Since the 1970s, the number of objectors in Italy grew from 59% of the total medical pool to 65% by 2020, with some regions reporting 83% of practitioners opting out.

Abortion activists said the stark regional differences created vastly unequal access, with the south most conservative.

Credit: Joanna Gill Source: Italian Ministry of Health

Official data from 2020 shows less than 8% of doctors would terminate pregnancies in the regions of Abruzzo and Molise.

This meant few doctors performing abortions within the legal limit, pushing women to travel farther afield, often in haste.

All of which means the state can no longer guarantee a woman’s legal right to an abortion, activists say.

“Every time a civil right is denied, or restricted, it causes new inequalities,” Giorgia Serughetti, a professor at the University of Milano-Bicocca, said in emailed comments.

Indeed, economists say access to abortion can drive marriage rates, curtail education, limit work options and hit earnings.

Nor is Italy an outlier.

Poland outlawed abortion in almost all cases in 2021, and Hungary recently tightened its law, too.

“We see in many, many regions of the world there is an attempt to transform society and the rights we think we have and go back to the past,” said Irene Donadio of the International Planned Parenthood Federation-Europe, an non-governmental organisation dedicated to sexual and reproductive health.

Inspiration from US

Nowhere does the battle loom bigger than the United States, after the US Supreme Court overturned the landmark Roe v Wade measure that guaranteed a woman’s right to an abortion.

If the Supreme Court emboldened “pro-life” Americans, Monteleone worries that the hard-right Brothers of Italy party may be taking notes and will try to roll back rights in Italy.

In September, Senator Maurizio Gasparri proposed a bill to ‘protect the rights of the unborn’ - a move that could reclassify abortion as murder.

Within the cabinet, Meloni nominated anti-abortion Eugenia Roccella as Minister for Family, Natality and Equal Opportunities; she recently said abortion was not a right.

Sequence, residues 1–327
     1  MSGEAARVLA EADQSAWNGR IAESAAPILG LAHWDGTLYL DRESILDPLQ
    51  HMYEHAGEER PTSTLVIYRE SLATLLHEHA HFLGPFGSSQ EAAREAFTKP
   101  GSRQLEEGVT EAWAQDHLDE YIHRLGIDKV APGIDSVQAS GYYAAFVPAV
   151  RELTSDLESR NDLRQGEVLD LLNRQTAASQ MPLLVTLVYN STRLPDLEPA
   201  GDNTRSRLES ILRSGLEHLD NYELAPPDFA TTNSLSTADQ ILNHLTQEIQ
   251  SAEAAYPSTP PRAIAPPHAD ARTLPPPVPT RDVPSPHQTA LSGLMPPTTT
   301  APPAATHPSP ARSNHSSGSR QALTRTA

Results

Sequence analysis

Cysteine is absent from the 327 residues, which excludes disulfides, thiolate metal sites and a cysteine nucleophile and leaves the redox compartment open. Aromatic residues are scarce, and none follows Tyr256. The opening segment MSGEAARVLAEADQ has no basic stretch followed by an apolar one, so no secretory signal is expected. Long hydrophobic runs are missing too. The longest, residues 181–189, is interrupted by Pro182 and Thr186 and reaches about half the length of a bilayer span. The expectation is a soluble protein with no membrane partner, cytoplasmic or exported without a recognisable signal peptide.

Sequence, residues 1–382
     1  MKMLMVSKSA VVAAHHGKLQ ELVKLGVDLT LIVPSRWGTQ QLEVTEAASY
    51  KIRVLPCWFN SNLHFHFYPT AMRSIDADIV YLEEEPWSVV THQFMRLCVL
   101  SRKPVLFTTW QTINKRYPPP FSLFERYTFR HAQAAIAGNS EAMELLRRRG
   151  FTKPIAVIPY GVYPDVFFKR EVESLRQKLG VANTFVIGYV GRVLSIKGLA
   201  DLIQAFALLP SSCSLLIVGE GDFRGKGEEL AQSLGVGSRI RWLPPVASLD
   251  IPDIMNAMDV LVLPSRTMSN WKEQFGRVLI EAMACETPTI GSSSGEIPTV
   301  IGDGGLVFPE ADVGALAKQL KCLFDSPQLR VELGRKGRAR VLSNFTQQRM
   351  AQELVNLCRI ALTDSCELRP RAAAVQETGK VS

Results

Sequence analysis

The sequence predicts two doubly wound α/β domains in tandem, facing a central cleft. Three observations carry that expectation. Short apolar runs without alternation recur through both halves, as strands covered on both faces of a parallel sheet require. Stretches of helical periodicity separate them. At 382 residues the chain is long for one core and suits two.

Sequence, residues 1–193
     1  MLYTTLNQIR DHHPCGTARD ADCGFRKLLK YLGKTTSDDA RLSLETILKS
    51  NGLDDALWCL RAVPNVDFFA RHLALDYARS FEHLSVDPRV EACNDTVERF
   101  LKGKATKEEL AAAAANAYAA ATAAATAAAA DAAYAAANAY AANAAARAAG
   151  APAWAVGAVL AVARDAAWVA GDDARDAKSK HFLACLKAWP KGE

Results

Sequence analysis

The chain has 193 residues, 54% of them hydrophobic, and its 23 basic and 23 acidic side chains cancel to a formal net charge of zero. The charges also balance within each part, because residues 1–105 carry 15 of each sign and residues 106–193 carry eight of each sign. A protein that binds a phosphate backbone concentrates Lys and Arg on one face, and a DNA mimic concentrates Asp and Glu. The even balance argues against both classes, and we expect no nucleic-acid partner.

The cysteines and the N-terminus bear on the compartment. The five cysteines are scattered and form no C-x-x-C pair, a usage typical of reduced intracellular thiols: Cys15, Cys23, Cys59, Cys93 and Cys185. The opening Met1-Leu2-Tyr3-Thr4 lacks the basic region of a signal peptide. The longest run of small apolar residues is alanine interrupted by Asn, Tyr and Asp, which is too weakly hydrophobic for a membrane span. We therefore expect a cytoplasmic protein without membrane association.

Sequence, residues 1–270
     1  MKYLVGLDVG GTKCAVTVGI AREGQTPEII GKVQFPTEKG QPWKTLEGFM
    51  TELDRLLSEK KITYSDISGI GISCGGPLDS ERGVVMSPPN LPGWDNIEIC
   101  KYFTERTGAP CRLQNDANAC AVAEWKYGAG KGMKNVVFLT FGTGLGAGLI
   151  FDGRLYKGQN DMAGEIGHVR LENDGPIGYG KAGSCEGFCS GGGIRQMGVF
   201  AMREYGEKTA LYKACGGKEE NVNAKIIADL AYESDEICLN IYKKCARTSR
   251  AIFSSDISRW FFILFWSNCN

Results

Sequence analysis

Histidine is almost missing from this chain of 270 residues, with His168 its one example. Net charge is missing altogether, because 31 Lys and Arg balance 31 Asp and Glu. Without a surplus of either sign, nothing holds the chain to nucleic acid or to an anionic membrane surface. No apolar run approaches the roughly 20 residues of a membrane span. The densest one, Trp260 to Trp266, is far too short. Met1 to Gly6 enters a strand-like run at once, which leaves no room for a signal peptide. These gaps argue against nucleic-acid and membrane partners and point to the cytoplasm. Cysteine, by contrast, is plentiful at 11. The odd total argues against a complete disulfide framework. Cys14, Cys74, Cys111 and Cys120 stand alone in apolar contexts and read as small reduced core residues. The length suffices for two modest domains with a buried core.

Maria Rachele Ruia runs a “pro-life and family” association in Rome. For her, the law is no problem - she simply wants to create a world in which abortion is “unthinkable”.

Earlier this year, Ruia stepped aside from her day job to run for office with the Brothers of Italy party. She did not win but said plenty inside parliament will be championing her cause.

The Brothers of Italy would not comment on their agenda.

Women at risk

A recent court case shows the dangers of limiting access to abortion – for medics, as well as for women.

Four doctors, all so-called ‘conscientious objectors’ received suspended sentences for manslaughter in November after denying a 32-year-old woman a late abortion, which was legal as the pregnancy had put her life in danger.

Valentina Milluzzo was five months pregnant when she went into premature labour with twins in 2016.

After enduring one stillborn birth, the medics refused to abort her second foetus, and the woman died of septic shock.

“When a hospital decides to apply its own laws, and decide when a woman’s life is at risk or not, then you end up having people dying,” said Donadio.

It echoes cases in Poland and Ireland where women died of complications during pregnancy due to a denial of care, showing how uneven abortion access is across Europe, said Donadio.

“It is heartbreaking knowing the consequences, because this is real oppression. You have such a huge impact on people’s lives.”

The abortion wars also reflect a misogynist mindset, said the Milan professor Serughetti, one that “stigmatises women as murderers, the other which pities them as victims of poverty”.

“Both have roots in a religion that strongly opposes women’s self-determination in reproductive matters, and which has much influence in Italian society and politics.”

This article first appeared on Context, powered by the Thomson Reuters Foundation.